CTV News shows that a solar-powered helicopter is about to embark on a historic flight on Mars with a nod to the Wright Brothers.
The Name of the helicopter is Ingenuity. The Main Job is to be a technology demonstration to test the first powered flight on Mars. The helicopter rode to Mars attached to the belly of the Perseverance rover. It landed on Feb. 18, 2021 to Jezero Crater, Mars.
It is sure taking flight on another planet world. Once the Perseverance rover reaches a suitable "helipad" location, it will release Ingenuity to perform a series of test flights over a 30-Martian-day experimental window beginning in early April.
For the first flight, the helicopter will take off a few feet from the ground, hover in the air for about 20 to 30 seconds, and land. That will be the first powered flight in the extremely thin atmosphere of Mars. Additional experimental flights will be added of incrementally farther distance and greater altitude. After the helicopter completes its technology demonstration, Perseverance will continue its important scientific mission.
This is the first helicopter ever designed to fly successfully in the thin Martian air. The helicopter demonstrates miniaturized flying technology. Parts are small: onboard computers, electronics and other parts. The helicopter is light enough to take off.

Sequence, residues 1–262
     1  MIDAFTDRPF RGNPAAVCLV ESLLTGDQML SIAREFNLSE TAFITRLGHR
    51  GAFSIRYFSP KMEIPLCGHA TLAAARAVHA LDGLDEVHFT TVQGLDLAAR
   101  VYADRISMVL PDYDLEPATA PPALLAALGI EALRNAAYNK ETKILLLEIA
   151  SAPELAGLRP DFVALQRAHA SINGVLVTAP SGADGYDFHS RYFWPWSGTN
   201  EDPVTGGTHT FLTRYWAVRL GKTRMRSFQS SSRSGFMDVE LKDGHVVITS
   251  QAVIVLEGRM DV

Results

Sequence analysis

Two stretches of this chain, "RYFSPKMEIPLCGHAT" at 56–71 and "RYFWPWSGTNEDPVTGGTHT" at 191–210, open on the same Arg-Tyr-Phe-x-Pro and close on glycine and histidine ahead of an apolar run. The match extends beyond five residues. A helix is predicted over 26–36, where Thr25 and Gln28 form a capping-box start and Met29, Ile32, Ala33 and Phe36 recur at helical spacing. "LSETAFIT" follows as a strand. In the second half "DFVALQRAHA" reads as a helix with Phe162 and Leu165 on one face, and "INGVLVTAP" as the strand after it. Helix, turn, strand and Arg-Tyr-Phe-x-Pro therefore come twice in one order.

"Ingenuity helicopter" will use solar power to charge its batteries and rely on internal heaters to maintain operational temperatures during the so-called cold Martian nights.
- Weighs 4 pounds (1.8 kg)
- Solar-powered and recharges on its own
- Wireless communication system
- Counter-rotating blades spin about 2,400 rpm
- Equipped with computers, navigation sensors, and 2 cameras (one color and one black-and-white)
- Height: about 19 inches (0.49 meters)
- Rotor system span: about 4 feet (1.2 meters)
Keep in mind, the average gravitational acceleration on Mars is 3.72076 ms−2 (about 38% of that of Earth) and it varies.
The gravity on Mars' surface seems to be much lower than it is here on Earth - 62% lower to be precise. At just 0.376 of the Earth standard (or 0.376 g), a person who weighs 100 kg on Earth would weigh only 38 kg on Mars.